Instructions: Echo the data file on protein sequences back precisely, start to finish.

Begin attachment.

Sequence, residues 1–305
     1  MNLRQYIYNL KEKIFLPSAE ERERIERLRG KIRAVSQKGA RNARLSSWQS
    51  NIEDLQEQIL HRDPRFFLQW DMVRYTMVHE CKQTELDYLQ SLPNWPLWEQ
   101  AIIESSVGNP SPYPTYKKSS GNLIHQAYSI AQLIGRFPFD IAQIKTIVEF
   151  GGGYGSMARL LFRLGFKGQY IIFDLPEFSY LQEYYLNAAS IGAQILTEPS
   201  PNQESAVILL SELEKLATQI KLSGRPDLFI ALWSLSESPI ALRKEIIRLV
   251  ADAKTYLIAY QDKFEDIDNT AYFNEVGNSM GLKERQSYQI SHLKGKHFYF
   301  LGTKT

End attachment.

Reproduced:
Sequence, residues 1–305
     1  MNLRQYIYNL KEKIFLPSAE ERERIERLRG KIRAVSQKGA RNARLSSWQS
    51  NIEDLQEQIL HRDPRFFLQW DMVRYTMVHE CKQTELDYLQ SLPNWPLWEQ
   101  AIIESSVGNP SPYPTYKKSS GNLIHQAYSI AQLIGRFPFD IAQIKTIVEF
   151  GGGYGSMARL LFRLGFKGQY IIFDLPEFSY LQEYYLNAAS IGAQILTEPS
   201  PNQESAVILL SELEKLATQI KLSGRPDLFI ALWSLSESPI ALRKEIIRLV
   251  ADAKTYLIAY QDKFEDIDNT AYFNEVGNSM GLKERQSYQI SHLKGKHFYF
   301  LGTKT